Experts from Belgium, technical equipment from Germany, overseas deep-sea divers, fire fighting systems, emergency oxygen and 24x7 monitoring of oxygen levels.
All of that went into fixing the Malad water supply tunnel that had ruptured, affecting water supply to Mumbai, and wasting around 500 million litres every day.
The tunnel was damaged on February 12, by locals who were illegally digging a tube well. With the repairs complete, drinking water supply to the western suburbs is expected to be back to normal in a few days.
Given the critical nature of the problem, the Brihanmumbai Municipal Corporation had invited urgent out-of-the-box thinking from a range of experts in the field. Planned as a 55-day project, the repairs were completed in 30 days.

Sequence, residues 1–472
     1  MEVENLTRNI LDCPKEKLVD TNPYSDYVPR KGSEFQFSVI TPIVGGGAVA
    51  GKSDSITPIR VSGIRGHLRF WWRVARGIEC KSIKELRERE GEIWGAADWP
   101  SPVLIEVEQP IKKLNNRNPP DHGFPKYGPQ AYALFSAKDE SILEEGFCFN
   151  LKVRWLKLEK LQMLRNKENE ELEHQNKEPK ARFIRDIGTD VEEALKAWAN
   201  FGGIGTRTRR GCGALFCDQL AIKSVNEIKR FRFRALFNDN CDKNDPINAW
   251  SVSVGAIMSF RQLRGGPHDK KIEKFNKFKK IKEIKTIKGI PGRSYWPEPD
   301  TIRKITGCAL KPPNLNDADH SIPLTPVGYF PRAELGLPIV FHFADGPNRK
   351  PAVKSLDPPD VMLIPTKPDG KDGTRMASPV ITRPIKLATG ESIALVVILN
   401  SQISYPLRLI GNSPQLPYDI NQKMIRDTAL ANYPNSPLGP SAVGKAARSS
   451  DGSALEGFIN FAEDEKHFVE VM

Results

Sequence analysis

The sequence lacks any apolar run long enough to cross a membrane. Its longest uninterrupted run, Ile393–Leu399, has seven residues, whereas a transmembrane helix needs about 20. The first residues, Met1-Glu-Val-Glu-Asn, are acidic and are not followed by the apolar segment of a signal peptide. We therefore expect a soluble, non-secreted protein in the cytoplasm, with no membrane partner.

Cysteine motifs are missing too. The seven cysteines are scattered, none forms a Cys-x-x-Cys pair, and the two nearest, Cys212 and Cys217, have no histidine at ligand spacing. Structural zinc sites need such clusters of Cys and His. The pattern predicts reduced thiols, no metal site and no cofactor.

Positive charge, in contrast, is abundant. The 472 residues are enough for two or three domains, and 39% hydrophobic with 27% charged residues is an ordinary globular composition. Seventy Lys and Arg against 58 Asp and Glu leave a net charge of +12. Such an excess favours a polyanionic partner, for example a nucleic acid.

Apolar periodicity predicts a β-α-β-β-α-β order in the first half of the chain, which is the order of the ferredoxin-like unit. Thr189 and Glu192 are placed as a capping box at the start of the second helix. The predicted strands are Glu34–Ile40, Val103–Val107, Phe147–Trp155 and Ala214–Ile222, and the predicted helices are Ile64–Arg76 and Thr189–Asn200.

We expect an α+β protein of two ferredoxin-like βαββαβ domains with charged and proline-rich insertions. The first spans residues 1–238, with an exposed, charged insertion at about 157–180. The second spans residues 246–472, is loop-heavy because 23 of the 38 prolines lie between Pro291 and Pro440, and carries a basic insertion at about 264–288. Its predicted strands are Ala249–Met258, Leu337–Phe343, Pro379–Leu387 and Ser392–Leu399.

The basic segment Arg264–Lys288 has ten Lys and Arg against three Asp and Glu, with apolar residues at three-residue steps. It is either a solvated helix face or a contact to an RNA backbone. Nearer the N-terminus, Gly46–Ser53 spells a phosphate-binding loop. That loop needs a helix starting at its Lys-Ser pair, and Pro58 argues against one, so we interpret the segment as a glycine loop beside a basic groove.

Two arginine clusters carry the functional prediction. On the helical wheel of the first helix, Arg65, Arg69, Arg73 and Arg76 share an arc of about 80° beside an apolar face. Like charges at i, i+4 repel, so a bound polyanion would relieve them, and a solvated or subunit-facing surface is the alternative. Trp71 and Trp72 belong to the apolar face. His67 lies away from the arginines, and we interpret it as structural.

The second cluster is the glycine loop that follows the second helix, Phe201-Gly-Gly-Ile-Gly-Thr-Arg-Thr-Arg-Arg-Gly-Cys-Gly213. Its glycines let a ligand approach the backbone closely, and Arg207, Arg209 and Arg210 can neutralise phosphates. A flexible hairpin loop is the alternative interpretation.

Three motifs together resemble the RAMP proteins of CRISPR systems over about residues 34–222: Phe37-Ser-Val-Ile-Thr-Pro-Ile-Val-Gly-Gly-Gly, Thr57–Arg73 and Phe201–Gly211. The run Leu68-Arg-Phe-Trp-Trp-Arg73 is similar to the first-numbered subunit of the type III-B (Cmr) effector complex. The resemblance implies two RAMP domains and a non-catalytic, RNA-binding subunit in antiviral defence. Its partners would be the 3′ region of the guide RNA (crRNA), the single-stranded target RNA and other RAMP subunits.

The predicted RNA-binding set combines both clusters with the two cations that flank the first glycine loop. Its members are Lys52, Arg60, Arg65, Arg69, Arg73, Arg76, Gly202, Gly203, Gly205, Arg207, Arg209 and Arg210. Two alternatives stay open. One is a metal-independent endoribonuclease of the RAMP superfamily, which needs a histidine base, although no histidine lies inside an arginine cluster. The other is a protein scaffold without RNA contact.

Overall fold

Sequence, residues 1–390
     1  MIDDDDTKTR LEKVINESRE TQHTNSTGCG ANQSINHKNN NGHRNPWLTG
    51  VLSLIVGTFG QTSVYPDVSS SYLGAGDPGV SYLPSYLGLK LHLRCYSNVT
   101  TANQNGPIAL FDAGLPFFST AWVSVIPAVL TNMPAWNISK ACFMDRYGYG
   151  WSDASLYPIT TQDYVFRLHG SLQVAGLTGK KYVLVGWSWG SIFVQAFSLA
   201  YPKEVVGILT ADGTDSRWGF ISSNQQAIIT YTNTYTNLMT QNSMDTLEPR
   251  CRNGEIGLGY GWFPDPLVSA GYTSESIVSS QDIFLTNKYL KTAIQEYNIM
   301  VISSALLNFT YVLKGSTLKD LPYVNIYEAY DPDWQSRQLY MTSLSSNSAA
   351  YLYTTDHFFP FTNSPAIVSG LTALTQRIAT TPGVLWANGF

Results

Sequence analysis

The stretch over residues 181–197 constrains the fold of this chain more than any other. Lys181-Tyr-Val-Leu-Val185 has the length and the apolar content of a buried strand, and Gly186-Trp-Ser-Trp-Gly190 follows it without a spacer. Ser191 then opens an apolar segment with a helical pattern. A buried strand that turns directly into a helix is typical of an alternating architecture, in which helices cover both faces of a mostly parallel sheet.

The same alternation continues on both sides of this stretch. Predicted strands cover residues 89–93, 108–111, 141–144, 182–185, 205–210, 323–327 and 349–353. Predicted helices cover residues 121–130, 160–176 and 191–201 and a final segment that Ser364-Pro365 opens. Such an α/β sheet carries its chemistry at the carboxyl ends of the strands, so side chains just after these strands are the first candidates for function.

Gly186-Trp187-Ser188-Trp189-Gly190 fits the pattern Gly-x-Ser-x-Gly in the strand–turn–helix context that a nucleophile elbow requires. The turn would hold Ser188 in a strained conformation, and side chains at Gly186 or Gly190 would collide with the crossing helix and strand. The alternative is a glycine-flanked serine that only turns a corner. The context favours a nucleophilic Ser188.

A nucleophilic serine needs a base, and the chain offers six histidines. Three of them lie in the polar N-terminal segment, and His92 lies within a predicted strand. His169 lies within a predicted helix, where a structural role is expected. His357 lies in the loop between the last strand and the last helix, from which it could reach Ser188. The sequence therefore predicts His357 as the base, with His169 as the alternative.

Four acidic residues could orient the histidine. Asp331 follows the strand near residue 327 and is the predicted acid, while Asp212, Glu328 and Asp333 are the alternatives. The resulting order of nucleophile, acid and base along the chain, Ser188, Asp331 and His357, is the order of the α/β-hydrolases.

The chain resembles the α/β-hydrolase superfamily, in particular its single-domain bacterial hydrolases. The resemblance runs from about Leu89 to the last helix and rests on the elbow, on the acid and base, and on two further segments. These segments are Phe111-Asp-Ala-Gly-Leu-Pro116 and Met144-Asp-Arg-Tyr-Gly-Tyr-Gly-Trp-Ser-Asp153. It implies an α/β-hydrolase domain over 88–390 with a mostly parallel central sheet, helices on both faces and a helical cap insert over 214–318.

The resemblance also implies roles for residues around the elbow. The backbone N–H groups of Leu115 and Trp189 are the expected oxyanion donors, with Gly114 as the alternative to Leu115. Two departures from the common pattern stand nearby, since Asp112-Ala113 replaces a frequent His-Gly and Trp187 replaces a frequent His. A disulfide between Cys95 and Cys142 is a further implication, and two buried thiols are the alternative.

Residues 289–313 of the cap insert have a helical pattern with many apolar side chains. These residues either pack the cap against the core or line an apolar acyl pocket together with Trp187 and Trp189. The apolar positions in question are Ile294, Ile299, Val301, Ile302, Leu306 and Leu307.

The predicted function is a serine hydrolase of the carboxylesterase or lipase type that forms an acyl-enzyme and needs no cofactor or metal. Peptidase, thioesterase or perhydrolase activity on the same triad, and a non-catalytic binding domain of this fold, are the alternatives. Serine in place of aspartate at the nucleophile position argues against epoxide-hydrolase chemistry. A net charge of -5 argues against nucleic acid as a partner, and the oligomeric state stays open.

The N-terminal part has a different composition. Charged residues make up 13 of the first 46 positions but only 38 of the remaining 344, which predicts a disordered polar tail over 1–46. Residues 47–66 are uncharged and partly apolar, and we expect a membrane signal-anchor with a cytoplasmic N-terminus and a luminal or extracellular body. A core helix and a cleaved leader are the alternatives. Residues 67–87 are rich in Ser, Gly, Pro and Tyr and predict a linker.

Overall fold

Vinayak Deshpande, president and chief operating officer at Hindustan Construction Company (HCC), which performed the repairs, said: “The challenge was to conceptualise and plan the most appropriate methodology to restore the damaged tunnel to its original condition. We deployed overseas technicians and imported critical sophisticated equipment.”
Since the damaged tunnel was about 80 mtr below the ground, it was not possible to assess the extent of the damage, or conduct repairs from above ground level. Even though water supply had been stopped to the affected portion, the water that had gushed out had been seeping back into the tunnel, posing a serious threat to the foundations of nearby high-rise buildings.